There are a lot of benefits associated with starting your day with a hot cup of coffee. The stimulating properties of the caffeine mean that you can wake up more easily, and have the mental alertness to get through the day.
However, some people may find that the effects that coffee has on their digestive system can override all of the good that caffeine does for them. Here, Jiale Coffee takes you through the effects that coffee has on your digestive system:
#1. Caffeine Stimulates More Than Your Mind
If you’re a coffee drinker, then you already know that drinking a cup of coffee can result in you requiring the bathroom soon after. This isn’t always a bad thing, as kick starting your digestive system in the morning can help you feel cleaner and more energetic.
However, some people may find that this stimulation can irritate the bowels, causing irritable bowel syndrome (IBS) symptoms.
Gastrointestinal problems are often triggered by certain foods and drinks; unfortunately, coffee tends to be one of them. This happens because caffeine works as a stimulant in many parts of your body, including your muscles.
Your large and small intestines are lined with smooth muscles and are, therefore, susceptible to this stimulation. That’s why drinking coffee in the morning can lead to a need to visit the bathroom soon after.
#2. Coffee Can Affect Your Stomach Lining
Your stomach contains an acid that is required to break down the foods that you eat, and the lining serves to protect your stomach from the damage that this acid can cause. It produces mucus and other compounds that have protective qualities.
When your stomach lining becomes damaged, inflammation can occur; this can lead to more serious problems, such as ulcers.
Coffee is acidic, so when you drink it, you are increasing the acidity of your stomach’s contents. In addition, coffee itself can stimulate the production of stomach acid.
This leads to irritation, particularly in people who suffer from IBS, and may induce bloating and diarrhea.
Drinking coffee can also lead to heartburn and acid reflux, due to the stomach acid that it produces. You may find that you have one or all of these issues when you drink coffee.
#3. Coffee Can Act As A Laxative
While increased levels of stomach acid can lead to diarrhea, it is certainly not the only way. We mentioned that drinking coffee can lead to the stimulation of your digestive track, and the most common way is through the induction of peristalsis.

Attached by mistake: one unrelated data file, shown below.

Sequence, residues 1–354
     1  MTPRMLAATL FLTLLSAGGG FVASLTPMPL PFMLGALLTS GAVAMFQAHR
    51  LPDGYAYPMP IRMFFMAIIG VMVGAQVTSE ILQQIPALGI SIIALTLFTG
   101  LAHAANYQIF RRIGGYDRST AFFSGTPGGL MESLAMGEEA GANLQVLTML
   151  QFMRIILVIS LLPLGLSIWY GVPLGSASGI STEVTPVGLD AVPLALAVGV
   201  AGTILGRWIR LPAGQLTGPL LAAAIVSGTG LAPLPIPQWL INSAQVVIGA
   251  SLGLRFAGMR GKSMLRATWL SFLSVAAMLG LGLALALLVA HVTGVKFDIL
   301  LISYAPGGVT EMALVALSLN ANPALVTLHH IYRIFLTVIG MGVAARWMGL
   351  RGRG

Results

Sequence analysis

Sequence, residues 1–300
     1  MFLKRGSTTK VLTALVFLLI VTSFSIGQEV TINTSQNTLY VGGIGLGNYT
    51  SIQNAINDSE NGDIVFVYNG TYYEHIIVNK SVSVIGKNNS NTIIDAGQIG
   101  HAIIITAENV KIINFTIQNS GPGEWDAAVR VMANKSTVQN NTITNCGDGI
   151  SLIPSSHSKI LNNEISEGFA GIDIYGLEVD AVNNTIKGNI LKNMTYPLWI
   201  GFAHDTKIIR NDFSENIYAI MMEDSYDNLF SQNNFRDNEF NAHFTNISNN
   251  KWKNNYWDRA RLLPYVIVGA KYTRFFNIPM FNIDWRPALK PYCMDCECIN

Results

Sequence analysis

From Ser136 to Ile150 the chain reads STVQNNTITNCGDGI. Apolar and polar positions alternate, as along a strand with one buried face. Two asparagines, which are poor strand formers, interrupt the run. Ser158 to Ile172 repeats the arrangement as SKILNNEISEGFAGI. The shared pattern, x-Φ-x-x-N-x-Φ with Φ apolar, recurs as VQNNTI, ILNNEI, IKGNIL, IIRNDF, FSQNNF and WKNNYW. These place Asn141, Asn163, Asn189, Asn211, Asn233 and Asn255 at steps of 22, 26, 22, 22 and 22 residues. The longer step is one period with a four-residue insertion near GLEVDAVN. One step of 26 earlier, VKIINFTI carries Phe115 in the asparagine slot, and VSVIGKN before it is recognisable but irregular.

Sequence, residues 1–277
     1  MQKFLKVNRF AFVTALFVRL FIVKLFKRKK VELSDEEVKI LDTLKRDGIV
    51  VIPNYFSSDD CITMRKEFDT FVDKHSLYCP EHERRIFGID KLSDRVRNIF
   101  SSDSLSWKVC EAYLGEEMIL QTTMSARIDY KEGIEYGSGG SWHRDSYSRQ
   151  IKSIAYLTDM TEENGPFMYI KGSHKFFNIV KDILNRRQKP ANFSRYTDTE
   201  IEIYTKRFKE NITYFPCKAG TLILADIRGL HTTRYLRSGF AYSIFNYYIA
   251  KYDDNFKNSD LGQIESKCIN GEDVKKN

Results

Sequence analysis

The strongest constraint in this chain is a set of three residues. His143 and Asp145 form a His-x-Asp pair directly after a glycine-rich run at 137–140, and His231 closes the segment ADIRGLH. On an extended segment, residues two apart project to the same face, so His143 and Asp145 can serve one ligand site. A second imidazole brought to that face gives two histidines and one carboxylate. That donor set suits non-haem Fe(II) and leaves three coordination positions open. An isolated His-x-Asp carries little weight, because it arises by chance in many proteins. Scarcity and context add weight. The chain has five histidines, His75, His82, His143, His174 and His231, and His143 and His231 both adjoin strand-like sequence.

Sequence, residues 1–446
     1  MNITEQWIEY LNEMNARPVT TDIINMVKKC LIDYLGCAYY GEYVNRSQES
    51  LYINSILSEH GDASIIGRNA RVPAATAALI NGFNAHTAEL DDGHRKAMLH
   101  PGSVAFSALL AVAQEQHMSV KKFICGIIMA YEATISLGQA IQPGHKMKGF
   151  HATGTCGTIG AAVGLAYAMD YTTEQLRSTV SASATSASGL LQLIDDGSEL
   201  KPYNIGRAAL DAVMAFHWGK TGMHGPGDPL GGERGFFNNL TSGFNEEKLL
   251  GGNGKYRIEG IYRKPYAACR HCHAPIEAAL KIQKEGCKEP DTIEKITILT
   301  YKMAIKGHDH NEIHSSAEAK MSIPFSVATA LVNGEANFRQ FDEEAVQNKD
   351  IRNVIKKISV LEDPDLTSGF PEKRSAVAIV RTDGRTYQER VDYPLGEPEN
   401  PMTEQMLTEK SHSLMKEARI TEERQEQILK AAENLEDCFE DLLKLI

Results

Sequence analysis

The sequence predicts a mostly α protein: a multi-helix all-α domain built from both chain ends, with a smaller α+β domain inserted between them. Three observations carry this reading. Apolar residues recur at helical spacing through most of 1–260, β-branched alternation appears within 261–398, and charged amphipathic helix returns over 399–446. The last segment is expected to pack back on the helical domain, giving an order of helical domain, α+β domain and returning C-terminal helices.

This may sound complicated, but it really just refers to the contraction of your intestinal muscles. Peristalsis is a normal bodily function that is required to move your digested food through your system.
It occurs as a wave of muscle contractions that ensures the passage of the digested material from your stomach to your colon.
While this normally happens over a certain period of time, the caffeine in coffee can make it happen faster, in as little as four minutes after you drink it. As the digested material spends less time in your intestines, the end result is diarrhea.
How To Avoid Digestive Problems After Drinking Coffee
While these problems may be common, people tend to find themselves putting up with the symptoms, rather than to avoid coffee altogether. However, there are ways that you can avoid digestive problems after drinking a cup of Joe.
The first way is to reduce the amount of coffee you drink. The Food and Drug Administration advises that ten ounces of coffee each day is the recommended limit. At or under this amount, you may find that your symptoms can be vastly reduced.
The amount of coffee drinking that will cause IBS-like symptoms is very specific to each individual, and you can find your own personal limit by cutting down each day until you experience no problems.
Remember not to cut coffee out completely, as you are likely to suffer from withdrawal symptoms instead.
Another way to avoid digestive problems when drinking coffee is to switch to decaf. The main reason that coffee causes these problems to begin with, is because of the caffeine content.
By eliminating the caffeine, you’ll find that your stomach will be happier, and you’ll be frequenting the bathroom on a less regular basis.
If you like to start your mornings with a cup of coffee, you might feel like there is no way to get around the digestive problems that you suffer from immediately afterwards.
Understanding why these issues occur in the first place may help you with a plan on how to reduce or avoid them altogether.
We hope that this article has helped you to understand why coffee causes your digestive issues, and what you can do about them.